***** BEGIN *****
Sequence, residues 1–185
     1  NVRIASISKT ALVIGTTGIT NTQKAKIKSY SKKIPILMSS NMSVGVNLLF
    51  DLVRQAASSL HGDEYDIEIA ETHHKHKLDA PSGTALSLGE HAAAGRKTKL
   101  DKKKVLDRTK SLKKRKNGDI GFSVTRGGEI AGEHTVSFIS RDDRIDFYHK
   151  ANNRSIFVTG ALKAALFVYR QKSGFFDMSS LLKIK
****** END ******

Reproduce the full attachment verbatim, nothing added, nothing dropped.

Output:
Sequence, residues 1–185
     1  NVRIASISKT ALVIGTTGIT NTQKAKIKSY SKKIPILMSS NMSVGVNLLF
    51  DLVRQAASSL HGDEYDIEIA ETHHKHKLDA PSGTALSLGE HAAAGRKTKL
   101  DKKKVLDRTK SLKKRKNGDI GFSVTRGGEI AGEHTVSFIS RDDRIDFYHK
   151  ANNRSIFVTG ALKAALFVYR QKSGFFDMSS LLKIK